A lot to process there. Cyrek’s comment is maybe the first thing I have heard anybody say that comes close to explaining the bizarre anti-lockdown alliance on the Dallas County Commissioner’s Court between white tea party throwback Commissioner J.J. Koch and longtime black separatist Commissioner John Wiley Price.
And you know what, come to think of it? Why couldn’t two people start from polar opposite positions and both get to wrong at the same time?
But a couple of commenters brought everybody and everything back to real life. Justina Walford wrote this about the Colleyville people on TV: “My father is all the way in California," she said. "He is 96 with a heart condition.
“He’s a WWII vet. He survived the Great Depression. And today he grabbed his walker and went to the hardware store. His heart condition makes that mask unbearable so I know he didn’t wear it long. And I’m certain he felt emboldened by last week’s protests in my hometown.
“So treat them like murderers. Because if my father, my war hero father, my amazing father who sacrificed his world for me, my father I can’t get on a plane and see, if he gets sick because the media he watches says it’s okay, then they are murderers.”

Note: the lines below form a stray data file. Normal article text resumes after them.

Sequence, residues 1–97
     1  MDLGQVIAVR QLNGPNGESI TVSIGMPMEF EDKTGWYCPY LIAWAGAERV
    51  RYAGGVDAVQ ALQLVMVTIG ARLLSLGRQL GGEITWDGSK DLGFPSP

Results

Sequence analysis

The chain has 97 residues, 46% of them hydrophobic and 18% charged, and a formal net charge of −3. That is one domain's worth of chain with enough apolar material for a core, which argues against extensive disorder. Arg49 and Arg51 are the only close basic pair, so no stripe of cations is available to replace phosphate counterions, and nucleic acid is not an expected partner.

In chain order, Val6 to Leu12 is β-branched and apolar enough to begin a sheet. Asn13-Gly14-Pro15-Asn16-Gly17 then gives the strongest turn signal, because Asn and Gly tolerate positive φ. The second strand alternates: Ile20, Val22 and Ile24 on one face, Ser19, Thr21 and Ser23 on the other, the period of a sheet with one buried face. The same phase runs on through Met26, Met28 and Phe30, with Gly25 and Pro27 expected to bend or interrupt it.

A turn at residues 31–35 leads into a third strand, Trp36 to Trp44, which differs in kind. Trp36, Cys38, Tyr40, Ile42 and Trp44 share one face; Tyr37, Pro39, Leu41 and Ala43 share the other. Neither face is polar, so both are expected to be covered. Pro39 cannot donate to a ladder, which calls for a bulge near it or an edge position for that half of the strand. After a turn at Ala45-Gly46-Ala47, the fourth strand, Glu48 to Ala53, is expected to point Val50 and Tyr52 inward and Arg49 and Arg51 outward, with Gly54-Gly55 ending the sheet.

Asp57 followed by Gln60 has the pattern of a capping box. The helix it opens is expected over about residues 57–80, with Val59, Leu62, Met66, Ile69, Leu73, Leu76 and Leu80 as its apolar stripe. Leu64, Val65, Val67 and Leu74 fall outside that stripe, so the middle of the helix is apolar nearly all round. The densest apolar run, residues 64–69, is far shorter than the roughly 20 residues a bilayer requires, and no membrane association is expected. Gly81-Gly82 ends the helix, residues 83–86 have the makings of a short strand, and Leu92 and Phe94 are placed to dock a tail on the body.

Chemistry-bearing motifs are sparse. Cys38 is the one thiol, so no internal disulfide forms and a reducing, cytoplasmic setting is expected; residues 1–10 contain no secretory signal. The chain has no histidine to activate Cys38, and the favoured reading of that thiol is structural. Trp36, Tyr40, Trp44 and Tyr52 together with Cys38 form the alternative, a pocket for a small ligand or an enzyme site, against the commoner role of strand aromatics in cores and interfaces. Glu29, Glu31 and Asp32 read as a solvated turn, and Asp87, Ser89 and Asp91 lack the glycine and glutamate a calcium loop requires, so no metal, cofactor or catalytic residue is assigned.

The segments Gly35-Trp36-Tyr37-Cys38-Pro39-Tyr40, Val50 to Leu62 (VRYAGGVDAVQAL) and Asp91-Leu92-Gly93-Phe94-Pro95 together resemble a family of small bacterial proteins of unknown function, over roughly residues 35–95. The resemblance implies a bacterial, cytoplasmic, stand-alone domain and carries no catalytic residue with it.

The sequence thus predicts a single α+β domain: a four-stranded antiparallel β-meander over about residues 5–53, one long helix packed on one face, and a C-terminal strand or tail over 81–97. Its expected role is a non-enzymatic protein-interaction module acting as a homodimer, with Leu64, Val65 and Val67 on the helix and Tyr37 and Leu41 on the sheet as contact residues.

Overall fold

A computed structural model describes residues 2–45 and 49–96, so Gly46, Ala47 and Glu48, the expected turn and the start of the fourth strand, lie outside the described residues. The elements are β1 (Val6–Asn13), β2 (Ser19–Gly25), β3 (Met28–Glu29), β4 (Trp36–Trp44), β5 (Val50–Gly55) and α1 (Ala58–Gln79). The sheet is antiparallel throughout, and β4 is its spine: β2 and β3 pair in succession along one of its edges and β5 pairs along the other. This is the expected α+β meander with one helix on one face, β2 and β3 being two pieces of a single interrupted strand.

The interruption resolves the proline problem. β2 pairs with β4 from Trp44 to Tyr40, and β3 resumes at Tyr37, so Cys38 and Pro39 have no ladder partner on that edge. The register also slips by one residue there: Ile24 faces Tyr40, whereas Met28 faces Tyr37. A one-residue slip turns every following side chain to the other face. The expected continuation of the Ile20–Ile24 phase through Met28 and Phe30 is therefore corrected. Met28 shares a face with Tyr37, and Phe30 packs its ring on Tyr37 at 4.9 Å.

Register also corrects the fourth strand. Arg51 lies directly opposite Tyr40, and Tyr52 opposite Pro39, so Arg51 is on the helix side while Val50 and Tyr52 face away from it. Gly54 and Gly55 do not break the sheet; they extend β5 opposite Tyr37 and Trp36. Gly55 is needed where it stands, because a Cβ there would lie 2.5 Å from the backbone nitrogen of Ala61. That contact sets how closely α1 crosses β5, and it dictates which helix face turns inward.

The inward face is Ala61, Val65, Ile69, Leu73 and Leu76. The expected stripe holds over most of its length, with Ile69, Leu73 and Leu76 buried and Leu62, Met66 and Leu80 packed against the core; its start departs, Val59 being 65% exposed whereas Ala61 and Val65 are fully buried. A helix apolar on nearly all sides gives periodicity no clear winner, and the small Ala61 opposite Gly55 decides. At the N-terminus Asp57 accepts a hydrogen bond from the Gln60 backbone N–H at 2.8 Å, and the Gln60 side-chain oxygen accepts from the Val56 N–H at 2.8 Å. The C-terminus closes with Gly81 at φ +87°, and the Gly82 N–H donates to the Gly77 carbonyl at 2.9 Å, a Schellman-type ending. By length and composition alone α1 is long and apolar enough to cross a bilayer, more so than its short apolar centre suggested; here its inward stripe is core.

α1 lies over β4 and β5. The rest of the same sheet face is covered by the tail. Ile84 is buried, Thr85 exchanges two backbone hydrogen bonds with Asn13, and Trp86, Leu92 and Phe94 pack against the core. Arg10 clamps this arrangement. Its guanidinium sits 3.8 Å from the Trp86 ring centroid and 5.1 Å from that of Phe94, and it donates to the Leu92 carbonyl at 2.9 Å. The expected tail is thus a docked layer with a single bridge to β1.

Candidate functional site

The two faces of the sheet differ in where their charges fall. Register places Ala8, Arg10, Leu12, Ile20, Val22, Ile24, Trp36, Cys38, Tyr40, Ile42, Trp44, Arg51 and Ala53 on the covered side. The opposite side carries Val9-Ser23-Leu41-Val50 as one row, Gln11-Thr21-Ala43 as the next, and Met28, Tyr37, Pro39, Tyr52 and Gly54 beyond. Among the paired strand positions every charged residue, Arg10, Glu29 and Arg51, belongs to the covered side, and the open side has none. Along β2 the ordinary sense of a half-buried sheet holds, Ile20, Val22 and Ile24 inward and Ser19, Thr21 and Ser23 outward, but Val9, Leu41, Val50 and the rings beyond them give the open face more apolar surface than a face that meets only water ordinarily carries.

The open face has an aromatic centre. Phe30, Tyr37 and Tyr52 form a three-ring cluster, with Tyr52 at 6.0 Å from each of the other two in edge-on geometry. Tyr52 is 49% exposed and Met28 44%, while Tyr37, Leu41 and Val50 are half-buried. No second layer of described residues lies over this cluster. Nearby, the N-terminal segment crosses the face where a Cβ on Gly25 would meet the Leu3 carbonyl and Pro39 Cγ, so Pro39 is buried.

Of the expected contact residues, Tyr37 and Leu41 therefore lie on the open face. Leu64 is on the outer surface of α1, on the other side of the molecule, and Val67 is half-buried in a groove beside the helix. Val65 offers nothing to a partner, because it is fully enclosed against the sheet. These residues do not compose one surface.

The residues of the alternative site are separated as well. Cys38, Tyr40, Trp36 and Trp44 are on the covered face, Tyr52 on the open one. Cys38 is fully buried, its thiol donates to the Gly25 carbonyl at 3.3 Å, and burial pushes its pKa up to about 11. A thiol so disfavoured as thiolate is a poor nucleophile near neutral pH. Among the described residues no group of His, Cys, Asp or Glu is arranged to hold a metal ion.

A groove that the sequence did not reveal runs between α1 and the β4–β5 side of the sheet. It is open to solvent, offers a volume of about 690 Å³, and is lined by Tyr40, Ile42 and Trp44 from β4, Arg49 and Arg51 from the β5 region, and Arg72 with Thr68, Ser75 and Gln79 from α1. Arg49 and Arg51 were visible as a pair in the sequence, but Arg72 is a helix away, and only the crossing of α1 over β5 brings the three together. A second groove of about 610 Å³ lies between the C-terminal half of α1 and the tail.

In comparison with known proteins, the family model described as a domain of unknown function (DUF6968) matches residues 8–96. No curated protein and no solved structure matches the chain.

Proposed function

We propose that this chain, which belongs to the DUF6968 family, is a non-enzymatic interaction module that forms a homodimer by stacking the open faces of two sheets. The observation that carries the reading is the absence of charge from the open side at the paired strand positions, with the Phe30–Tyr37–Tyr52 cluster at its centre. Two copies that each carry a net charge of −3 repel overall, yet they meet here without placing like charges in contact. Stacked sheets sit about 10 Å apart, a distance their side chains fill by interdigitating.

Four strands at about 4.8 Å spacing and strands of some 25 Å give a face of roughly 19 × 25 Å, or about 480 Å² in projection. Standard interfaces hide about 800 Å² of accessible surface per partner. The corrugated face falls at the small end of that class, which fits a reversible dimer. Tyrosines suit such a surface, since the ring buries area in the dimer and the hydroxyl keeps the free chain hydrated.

Molley Bey said: “My mother lives in Bedford on the border of Colleyville. She’s a grandma who hasn’t met her grandson yet (due to fear of traveling to meet him) and my stepfather is an HVAC contractor and cannot really stop working.
“My mother also has stage 4 terminal cancer and is severely immune-compromised. Wishing bad will on these people is also wishing for my mother’s illness and probably death if she were to contract the virus.”
So, of course, yes, we can condemn them, even call them murderers, but it would be wrong to wish infection on them, and the reasons for that are both scientific and moral. Biologically, to wish the virus on anyone is to wish it on everyone.
There may be an even bigger issue morally. The virus is not a pike that can be thrust at an individual or group. It is a scourge, which the Shorter Oxford English Dictionary defines as “a thing or person that is an instrument of divine chastisement.”
I am not religious. But just to cover my bets, if there is anything like divine chastisement going on around here, I may lay low for a while and see what happens. I’m not sure under those circumstances I ought to call a lot of attention to myself.
When I asked my Facebook fortune-telling globe if it was morally wrong to hope the people in Colleyville get it, the shortest, pithiest answer I got was from Pittsburgh puppeteer Dave English. He said, “No. But it is tactically wrong.”
I can roll with that.